1998 World Championships
Booster Draft Day

Posted in Event Coverage

By Alex Shvartsman

What is Booster Draft?

Sometime during 1995 a new Limited format emerged that was less luck-driven and more strategic than usual sealed play. "Booster draft allows for the better player to win, instead of the luckier player who opened a better deck," says draft expert and a member of the 1995 Belgium National Team Marc Paschover.

In booster draft each player (usually eight participate) opens a pack of 15 cards, chooses one of these cards and passes the pack to the person on their left. As players are seated in a circle, each ends up with 15 cards after the pack is distributed. Players proceed to open a total of three packs passing the second pack to the right, and the third to the left. Each player than uses the 45 cards he or she drafted and any number of basic lands to build a 40-card minimum deck. The remaining cards act as the deck's sideboard.


While a player is usually forced to build a three color deck in sealed, it is fairly easy to draft a good two-color deck. Cards such as massive creature elimination, direct damage and creatures with evasion ability (flying or shadow) are most highly prized and are drafted early.

Usually a good draft deck will contain 16-17 lands and about 15 creatures. The rest of the cards should include creature elimination (Dark Banishing, Kindle), "tricks" (Twitch, Anoint) and support cards (Disenchant, Conviction).

An experienced player will choose his colors early, as he can guess the colors his neighbors are drafting by what is being passed to him.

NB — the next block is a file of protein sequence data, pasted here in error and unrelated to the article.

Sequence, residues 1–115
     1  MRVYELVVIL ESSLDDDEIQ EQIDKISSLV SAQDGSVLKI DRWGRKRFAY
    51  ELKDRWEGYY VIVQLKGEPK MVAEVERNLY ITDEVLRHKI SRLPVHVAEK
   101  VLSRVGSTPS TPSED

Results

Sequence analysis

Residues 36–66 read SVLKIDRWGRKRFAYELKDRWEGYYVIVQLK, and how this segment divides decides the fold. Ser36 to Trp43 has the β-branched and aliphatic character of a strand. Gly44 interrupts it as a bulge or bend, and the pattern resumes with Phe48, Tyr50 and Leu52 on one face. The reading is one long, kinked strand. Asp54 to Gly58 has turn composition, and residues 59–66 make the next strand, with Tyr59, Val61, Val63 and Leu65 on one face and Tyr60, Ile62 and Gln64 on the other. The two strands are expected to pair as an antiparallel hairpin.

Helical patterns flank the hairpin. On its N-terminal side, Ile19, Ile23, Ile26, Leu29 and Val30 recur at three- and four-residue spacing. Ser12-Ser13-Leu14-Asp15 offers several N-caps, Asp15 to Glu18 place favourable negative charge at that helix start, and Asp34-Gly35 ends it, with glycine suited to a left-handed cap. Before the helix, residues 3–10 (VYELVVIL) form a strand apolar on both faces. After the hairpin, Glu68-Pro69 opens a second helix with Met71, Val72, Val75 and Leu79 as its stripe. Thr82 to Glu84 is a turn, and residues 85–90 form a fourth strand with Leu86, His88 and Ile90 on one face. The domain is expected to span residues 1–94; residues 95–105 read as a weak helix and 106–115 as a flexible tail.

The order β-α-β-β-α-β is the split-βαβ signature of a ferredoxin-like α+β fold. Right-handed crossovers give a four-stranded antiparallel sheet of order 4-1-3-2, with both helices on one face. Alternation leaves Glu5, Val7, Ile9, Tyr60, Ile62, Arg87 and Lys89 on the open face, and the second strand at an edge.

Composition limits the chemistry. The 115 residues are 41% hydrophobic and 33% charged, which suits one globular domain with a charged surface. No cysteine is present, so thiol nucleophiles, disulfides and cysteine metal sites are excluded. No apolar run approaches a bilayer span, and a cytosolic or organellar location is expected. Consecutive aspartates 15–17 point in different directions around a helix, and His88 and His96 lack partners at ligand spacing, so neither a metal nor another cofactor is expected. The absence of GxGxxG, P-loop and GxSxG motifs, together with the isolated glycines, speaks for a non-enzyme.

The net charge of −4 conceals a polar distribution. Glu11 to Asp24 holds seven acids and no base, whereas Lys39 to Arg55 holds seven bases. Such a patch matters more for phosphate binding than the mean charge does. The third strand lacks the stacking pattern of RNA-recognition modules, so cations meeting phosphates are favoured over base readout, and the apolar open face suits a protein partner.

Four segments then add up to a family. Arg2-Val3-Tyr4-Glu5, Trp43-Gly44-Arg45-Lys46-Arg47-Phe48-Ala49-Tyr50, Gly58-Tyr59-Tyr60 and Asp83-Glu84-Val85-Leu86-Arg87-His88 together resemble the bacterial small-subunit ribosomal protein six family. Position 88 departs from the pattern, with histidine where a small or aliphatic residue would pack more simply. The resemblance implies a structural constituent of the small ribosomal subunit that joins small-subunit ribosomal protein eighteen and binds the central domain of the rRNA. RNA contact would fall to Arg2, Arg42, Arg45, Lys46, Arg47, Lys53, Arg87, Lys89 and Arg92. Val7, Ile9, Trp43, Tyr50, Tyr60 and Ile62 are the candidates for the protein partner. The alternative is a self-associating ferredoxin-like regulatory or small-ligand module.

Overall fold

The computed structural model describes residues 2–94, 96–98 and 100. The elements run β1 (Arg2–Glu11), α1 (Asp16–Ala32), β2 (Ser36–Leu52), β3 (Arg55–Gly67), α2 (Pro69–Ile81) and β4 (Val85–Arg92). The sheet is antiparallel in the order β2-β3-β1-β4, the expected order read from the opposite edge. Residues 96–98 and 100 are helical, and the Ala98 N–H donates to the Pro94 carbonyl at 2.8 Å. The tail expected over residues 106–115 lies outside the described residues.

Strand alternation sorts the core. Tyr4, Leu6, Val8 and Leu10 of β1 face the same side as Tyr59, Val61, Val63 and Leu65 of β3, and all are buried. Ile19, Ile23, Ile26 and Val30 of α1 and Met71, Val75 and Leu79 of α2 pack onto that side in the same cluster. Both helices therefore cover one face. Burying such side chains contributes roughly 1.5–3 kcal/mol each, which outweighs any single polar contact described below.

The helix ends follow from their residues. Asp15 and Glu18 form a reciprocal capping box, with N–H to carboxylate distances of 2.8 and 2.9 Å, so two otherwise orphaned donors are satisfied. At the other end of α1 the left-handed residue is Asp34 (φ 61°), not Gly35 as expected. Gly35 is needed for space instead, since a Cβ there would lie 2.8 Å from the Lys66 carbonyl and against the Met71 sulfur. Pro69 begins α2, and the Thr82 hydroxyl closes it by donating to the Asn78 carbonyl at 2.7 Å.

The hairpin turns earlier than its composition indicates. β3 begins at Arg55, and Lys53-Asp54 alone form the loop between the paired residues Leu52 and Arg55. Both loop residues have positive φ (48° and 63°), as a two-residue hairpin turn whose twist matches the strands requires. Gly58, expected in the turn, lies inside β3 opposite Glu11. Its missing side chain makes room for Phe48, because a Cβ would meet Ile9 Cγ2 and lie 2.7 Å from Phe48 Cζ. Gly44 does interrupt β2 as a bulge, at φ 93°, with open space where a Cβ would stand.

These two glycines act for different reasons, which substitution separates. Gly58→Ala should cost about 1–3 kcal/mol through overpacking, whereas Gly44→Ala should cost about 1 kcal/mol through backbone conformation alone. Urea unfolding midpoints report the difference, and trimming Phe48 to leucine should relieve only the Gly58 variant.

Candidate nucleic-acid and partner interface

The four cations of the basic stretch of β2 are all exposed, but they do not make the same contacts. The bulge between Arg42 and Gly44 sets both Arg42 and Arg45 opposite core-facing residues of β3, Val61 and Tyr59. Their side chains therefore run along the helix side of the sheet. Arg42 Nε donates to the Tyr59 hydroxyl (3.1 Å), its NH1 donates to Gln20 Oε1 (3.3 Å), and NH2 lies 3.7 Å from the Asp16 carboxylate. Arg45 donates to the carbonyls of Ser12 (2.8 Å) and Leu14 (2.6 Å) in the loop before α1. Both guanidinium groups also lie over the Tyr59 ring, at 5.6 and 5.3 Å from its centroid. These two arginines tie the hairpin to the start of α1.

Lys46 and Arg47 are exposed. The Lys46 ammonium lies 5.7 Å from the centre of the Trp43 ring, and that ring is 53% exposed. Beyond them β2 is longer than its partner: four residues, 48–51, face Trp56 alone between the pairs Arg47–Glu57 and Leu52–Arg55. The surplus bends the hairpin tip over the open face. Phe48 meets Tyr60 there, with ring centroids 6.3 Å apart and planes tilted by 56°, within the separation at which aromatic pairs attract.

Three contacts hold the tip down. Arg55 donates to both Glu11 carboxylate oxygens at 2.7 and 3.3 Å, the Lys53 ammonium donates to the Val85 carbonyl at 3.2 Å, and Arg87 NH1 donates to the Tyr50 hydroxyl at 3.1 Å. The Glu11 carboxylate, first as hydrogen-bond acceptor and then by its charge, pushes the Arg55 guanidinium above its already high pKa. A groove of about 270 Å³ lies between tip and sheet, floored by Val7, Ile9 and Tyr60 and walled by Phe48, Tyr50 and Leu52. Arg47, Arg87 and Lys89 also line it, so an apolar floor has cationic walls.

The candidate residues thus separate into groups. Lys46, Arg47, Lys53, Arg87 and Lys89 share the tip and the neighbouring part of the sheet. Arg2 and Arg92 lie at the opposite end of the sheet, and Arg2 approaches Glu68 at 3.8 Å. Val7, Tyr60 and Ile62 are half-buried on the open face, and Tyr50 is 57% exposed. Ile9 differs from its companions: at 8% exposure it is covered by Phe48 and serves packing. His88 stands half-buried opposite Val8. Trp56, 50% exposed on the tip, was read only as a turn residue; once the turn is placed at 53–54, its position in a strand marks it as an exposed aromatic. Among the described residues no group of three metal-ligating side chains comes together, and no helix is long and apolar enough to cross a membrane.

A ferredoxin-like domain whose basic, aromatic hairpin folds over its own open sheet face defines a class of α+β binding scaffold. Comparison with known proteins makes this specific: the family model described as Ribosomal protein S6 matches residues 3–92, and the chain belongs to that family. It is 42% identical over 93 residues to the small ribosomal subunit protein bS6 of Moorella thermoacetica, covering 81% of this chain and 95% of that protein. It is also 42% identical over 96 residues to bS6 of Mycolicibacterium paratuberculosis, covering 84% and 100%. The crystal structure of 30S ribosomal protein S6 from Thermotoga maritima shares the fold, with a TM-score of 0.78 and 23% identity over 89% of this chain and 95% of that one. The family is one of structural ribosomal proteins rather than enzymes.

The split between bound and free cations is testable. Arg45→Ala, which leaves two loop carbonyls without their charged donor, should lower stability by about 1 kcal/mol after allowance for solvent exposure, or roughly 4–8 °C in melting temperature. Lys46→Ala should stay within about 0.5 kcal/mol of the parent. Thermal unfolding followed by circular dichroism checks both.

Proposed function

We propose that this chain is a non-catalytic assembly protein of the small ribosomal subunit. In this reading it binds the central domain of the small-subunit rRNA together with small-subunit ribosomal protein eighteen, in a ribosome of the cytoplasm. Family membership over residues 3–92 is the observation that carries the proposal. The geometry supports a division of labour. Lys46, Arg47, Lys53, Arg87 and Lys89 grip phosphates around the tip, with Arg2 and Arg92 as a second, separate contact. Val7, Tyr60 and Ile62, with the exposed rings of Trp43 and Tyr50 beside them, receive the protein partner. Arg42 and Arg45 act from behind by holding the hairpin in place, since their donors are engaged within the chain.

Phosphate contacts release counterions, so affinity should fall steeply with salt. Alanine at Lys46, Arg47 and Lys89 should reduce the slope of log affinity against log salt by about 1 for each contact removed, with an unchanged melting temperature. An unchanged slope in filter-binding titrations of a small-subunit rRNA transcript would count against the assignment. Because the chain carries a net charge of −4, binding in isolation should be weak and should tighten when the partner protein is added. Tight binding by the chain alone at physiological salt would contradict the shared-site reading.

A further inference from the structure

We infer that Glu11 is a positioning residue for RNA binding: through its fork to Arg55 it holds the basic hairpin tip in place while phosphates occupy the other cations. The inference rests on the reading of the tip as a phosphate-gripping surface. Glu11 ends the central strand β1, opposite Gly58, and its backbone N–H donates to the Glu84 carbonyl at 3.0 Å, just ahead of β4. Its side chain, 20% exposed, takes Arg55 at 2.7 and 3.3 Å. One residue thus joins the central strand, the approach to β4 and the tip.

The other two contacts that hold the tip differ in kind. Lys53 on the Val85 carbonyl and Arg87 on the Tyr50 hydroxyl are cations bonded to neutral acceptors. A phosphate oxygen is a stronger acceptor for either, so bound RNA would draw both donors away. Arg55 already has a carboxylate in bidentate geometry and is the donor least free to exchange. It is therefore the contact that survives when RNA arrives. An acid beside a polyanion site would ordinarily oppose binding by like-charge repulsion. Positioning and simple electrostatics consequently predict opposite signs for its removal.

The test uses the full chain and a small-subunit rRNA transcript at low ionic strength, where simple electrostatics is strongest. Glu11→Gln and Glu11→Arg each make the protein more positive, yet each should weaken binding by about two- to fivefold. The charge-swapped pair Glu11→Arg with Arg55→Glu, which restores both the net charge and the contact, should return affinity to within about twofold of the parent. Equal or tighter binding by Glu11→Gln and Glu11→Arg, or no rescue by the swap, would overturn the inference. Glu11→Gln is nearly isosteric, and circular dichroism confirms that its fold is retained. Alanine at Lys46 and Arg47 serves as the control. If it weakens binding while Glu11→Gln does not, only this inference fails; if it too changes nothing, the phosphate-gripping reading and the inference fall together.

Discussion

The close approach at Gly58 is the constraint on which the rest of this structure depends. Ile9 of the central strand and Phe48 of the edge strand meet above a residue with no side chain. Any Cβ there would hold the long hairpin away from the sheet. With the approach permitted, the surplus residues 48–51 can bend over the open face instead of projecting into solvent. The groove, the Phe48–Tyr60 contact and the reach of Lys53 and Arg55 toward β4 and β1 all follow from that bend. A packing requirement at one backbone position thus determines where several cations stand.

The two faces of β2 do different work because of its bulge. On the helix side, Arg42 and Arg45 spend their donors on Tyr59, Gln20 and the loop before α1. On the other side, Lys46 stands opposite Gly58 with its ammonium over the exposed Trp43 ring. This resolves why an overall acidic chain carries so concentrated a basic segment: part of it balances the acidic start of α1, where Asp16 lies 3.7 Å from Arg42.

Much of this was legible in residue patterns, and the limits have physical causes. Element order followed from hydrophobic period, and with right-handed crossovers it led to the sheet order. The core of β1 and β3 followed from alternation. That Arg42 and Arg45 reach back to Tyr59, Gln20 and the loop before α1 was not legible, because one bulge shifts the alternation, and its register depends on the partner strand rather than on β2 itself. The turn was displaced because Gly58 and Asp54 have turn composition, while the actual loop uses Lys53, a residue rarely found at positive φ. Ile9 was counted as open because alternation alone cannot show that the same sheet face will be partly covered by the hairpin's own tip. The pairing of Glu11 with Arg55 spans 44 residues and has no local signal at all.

TempestTM-StrongholdTM-ExodusTM Draft Strategies

When Pro Tour-New York Champion Jon Finkel was asked to summarize the best draft strategy for this format, he simply said: "Draft as if black and green did not exist." It seems that several of the top players agree with Finkel and intend to follow this strategy, going for various combination of red, white and blue decks. Mike Long, another member of team USA, when asked about his draft strategy promised to "beat and beat and pound on people's stupid heads." When asked to translate that strategy into a color theme, Long confessed that he may be going after green-blue.

Some players rely on their knowledge of the competition to give them an edge. "Arena member" Alan Comer of Team Legion explains that many players have a favorite strategy so you can predict the colors they are likely to take and take advantage of that. Others, like Tomi Walamies of Team Finland will just take what comes - not pre-meditating colors or strategy.

Although the draft portion of Worlds is anybody's game, North American players appear to be more experienced. Draft is not nearly as popular in Europe as a format and so it appears US and Canada players are at an advantage.

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